A strange place is Krucza. If there’s any other street with a higher turnover of restaurants then I’ve yet to find it – and I’m not just talking about Warsaw. Yet in spite of the impossible rents – reputedly amongst the steepest in the city – there’s no shortage of chumps willing to give the restaurant trade a crack. “One day,” they seem to think, “one of us will get lucky here.”
Eight and a Half are the latest spot to put their neck on the executioner’s block. It’s Tuesday afternoon, and there’s a scattering of people: a group of wine-sipping women at the top end, an American hack I know from years back and, closest to me, a couple of young creative types that beam smug, million zoty grins. And while I like the look of the place, you’d label it ‘anonymous cosmopolitan’. Without the aid of my notebook I’d struggle to remember what it looks like (for the record, my notes go something like this: concrete, ascetic, splashes of color).
I like their pared down attitude to menu creation and I order the tartar with something approaching confidence. My faith proves justified. The tartar trio is good, very good in fact – the meat is fresh, finely chopped and full of sparky flavors. It’s an impressive start. As it turns out, this is the high point. As my plate is cleared I am joined by our snapper, and after a considerable wait our mains arrive. For him, it’s zander with spinach and a heap of boiled vegetables. From an aesthetic point of view it looks unbalanced and dreary. My guinea fowl breast looks better, but is something of a conundrum: there are bits I enjoy, other bits I don’t.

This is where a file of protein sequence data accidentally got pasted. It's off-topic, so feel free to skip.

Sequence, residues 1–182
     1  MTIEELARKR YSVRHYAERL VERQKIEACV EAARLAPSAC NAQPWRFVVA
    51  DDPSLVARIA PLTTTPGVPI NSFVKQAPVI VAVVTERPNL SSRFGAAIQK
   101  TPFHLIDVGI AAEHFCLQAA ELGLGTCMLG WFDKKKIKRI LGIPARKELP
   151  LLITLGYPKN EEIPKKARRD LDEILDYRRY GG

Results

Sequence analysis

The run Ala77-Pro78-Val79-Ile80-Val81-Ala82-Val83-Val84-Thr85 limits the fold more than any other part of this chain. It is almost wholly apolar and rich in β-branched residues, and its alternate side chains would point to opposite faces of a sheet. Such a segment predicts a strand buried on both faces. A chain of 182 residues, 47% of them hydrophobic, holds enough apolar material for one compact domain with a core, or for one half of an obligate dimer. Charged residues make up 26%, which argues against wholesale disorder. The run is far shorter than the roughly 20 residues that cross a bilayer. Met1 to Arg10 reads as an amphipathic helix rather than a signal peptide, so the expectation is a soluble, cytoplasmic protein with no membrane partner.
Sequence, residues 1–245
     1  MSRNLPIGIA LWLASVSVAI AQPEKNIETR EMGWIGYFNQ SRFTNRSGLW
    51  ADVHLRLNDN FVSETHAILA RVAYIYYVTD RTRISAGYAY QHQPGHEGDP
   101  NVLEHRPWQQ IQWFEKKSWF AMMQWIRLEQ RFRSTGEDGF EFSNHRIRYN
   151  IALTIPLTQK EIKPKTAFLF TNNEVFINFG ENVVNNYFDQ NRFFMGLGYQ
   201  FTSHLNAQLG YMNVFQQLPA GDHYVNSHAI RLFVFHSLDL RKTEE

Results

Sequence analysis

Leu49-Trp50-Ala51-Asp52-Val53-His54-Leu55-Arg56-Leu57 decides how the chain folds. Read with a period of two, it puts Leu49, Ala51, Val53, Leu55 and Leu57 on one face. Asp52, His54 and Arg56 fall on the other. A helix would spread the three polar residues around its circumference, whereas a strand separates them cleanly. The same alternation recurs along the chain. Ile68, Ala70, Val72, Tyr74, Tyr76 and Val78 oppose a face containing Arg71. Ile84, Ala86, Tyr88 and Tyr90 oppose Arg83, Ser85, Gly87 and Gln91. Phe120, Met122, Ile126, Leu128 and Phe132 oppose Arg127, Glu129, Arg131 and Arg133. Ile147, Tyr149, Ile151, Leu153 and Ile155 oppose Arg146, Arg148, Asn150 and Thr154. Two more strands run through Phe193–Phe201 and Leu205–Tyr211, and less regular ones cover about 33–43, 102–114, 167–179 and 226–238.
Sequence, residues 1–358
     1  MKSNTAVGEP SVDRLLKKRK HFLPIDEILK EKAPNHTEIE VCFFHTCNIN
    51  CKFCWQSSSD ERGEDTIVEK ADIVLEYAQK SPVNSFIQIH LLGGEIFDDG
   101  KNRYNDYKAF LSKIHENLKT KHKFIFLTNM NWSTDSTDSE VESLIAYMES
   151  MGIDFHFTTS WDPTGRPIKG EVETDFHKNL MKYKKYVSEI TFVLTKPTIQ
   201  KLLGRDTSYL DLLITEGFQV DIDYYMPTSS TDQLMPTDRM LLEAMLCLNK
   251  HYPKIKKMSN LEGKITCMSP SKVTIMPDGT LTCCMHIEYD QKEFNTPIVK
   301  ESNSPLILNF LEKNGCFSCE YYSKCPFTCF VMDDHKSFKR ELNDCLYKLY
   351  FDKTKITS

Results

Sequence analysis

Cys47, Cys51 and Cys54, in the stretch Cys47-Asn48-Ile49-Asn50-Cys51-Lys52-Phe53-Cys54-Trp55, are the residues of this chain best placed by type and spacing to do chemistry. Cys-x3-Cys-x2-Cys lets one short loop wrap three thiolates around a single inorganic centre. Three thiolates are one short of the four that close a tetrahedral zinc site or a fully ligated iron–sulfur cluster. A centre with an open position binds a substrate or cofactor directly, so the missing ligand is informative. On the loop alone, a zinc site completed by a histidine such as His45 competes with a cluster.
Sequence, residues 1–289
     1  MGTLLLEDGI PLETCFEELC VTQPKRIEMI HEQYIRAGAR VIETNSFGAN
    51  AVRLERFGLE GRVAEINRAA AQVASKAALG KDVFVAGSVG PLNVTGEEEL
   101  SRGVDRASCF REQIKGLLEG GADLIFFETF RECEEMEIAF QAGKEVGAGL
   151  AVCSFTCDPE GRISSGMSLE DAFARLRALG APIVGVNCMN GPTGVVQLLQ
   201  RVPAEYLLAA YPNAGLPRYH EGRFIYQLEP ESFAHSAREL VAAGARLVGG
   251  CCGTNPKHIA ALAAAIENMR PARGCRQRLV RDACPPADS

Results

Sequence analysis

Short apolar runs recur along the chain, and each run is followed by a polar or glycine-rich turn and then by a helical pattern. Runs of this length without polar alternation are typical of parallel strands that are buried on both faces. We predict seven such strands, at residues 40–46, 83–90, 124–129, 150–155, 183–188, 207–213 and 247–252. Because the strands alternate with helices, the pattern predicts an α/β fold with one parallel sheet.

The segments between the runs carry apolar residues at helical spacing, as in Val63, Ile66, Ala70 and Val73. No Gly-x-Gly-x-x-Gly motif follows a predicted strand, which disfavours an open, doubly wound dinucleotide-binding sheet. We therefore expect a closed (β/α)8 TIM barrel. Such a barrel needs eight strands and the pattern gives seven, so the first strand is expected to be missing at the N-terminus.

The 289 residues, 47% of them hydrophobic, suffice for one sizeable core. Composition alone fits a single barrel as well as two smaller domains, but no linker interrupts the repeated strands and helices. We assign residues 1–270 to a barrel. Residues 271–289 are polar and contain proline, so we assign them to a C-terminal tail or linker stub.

The flesh is tender and gamey and the skin crisp. The glazed carrots are tasty, but too numerous in number. I wonder, did I order guinea fowl with carrots on the side or vice versa. Then there’s the potato puree: again, decent, but lacking silky magic. And, sweet Jesus, there is dill – like a dodgy green rash, it appears everywhere.
As we reflect on the mains, both of us are in agreement: fundamentally, they’ve been good, yet somehow a little pedestrian. The ingredients are quality and they’ve been cooked technical competence, but at no time have we noticed any brilliance or invention. We wonder if the chef has been handcuffed into promising no funny moves in the kitchen, no moments of madness and no flights of fancy.
Our theory is reinforced by the crème caramel dessert: fine, but no better or worse than anything you’d find in a decent hotel. There are many hints of skill in the kitchen, yet no evidence of creativity, passion and energy. At a time when restaurants in Warsaw are taking exciting, culinary risks, it’s disappointing to find a place that doesn’t try and explore the talents in their kitchen a little more. As we conclude the meal I realize there has never been that point where I’ve paused and thought, “and next time, I’ll come here with the Mrs.” In fact, there’s never been that moment where I’ve thought there even will be a next time. (AW)
ul. Nowogrodzka 10
784 461 397